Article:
In lieu of names, this headstone was engraved with a quote: "We grow afraid of what we might forget. We will find peace and value through community in knowing that we belong to each other. Dedicated to the Citizens of Bernalillo County."
On a blisteringly hot summer afternoon, about 40 people gather at the Evangelico Cemetery in southwestern Albuquerque. Deacon Pablo Lefebre leads the service and begins with a prayer
"Because God has chosen to call our brothers and our sisters from this life to himself," he says, "we commit their bodies to the earth, its resting place. For we are dust, and to dust we shall return."
This isn't your average funeral. The light gray casket about to be lowered into the ground is filled with the cremated remains of 87 county residents.
The U.S. Postal Service lost some $16 billion last year and continues to bleed red ink. Congress has been unable to agree on a rescue plan.
The latest proposal would allow the post office to end Saturday delivery in a year and enable it to ship wine and beer.
The Postal Service's woes are familiar: People don't really send letters anymore, so first-class mail is down, and Congress makes the post office prepay future retiree benefits to the tune of $5.5 billion a year.
In its efforts to get the Oakland A's to relocate to their city, San Jose officials filed an antitrust lawsuit against Major League Baseball this year. The Oakland stadium is seen here in a file photo.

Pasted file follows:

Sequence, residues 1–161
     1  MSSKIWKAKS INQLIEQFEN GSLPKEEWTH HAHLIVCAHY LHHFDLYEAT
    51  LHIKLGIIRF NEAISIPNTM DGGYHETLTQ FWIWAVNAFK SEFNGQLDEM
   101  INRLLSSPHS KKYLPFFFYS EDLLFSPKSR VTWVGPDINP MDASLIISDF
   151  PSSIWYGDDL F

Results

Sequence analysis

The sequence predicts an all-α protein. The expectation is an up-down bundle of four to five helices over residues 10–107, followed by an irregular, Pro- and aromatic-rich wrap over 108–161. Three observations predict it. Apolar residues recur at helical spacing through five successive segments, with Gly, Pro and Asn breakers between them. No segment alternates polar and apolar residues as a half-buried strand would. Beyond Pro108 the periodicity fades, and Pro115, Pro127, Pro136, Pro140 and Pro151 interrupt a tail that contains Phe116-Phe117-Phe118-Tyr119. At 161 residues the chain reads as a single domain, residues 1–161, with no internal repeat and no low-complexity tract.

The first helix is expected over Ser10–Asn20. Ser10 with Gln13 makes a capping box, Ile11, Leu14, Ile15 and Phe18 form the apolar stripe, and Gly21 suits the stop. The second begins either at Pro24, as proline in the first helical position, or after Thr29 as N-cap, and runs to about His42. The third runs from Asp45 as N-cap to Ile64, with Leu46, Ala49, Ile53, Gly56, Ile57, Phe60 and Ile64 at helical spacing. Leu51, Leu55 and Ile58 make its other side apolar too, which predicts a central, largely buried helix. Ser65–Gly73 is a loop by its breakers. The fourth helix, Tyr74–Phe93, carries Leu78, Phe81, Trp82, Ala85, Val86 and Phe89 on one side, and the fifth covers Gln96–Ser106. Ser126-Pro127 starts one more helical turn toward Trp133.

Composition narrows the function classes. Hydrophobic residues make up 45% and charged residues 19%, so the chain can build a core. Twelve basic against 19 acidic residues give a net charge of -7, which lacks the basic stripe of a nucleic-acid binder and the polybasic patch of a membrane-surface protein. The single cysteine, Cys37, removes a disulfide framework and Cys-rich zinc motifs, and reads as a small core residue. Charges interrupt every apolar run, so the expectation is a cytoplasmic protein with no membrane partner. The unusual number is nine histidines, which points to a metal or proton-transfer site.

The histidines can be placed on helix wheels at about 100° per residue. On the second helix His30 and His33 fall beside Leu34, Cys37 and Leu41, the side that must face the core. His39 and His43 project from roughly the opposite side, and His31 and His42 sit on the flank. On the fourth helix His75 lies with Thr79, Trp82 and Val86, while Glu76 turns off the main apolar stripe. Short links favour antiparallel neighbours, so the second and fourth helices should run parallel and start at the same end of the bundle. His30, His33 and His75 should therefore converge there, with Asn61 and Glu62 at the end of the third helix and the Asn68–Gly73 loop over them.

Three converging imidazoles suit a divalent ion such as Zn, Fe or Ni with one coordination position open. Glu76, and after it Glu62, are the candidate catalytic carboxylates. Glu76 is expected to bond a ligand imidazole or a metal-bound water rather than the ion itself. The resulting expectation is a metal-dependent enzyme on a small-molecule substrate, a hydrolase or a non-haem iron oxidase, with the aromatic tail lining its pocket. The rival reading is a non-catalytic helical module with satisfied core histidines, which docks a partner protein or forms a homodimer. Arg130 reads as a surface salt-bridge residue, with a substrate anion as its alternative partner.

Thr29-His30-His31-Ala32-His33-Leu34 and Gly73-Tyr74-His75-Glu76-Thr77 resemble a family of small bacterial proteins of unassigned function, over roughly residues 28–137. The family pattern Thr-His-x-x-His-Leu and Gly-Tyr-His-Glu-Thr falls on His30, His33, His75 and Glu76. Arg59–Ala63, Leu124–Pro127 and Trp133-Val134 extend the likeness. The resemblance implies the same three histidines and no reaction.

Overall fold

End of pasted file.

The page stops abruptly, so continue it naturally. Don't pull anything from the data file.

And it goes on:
Originally published on Thu August 8, 2013 6:20 pm
Calling a lawsuit's potential results "absurd" for cities around the United States, Major League Baseball asked a federal judge to dismiss a challenge to its antitrust exemption filed by San Jose, Calif. The city filed the suit to press its case for relocating the Oakland A's there.
NPR's Richard Gonzales filed this report for our Newscast unit:
Credit Jean-Erick Pasquier / Gamma-Rapho via Getty Images
Plants accumulate carbon in the spring and summer, and they release it back into the atmosphere in the fall in winter. And a change in the landscape of the Arctic tundra, seen here, means that shrubs hold onto snow better, which keeps the organic-rich soils warmer and more likely to release carbon dioxide that's stored there.
Credit Carbon Dioxide Information Analysis Center
This chart shows the levels of atmospheric carbon dioxide as measured from Point Barrow, Alaska, from 1974 to 2007. Not only has the general trend ticked upward, but the size of the seasonal swings (the "saw tooth" pattern) has increased year to year.
Plant life on our planet soaks up a fair amount of the carbon dioxide that pours out of our tailpipes and smokestacks. Plants take it up during the summer and return some of it to the air in the winter. And a new study shows that those "breaths" have gotten deeper over the past 50 years.
This isn't just a curiosity. Plant life is helping to reduce the speed at which carbon dioxide is building up in our atmosphere. That's slowing the global warming, at least marginally, so scientists are eager to understand how this process works. The new study provides some clues.